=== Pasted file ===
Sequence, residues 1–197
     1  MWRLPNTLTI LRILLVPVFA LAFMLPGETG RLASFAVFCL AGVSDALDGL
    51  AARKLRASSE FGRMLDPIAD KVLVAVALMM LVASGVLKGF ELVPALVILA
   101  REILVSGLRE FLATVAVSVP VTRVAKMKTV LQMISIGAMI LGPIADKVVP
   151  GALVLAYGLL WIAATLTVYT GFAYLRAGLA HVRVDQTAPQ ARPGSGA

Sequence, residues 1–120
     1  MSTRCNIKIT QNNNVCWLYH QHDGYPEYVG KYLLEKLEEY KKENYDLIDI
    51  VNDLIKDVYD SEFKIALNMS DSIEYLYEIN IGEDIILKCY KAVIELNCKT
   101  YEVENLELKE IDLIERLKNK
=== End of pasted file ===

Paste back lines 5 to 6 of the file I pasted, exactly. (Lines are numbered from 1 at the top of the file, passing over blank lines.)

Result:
   151  GALVLAYGLL WIAATLTVYT GFAYLRAGLA HVRVDQTAPQ ARPGSGA

Sequence, residues 1–120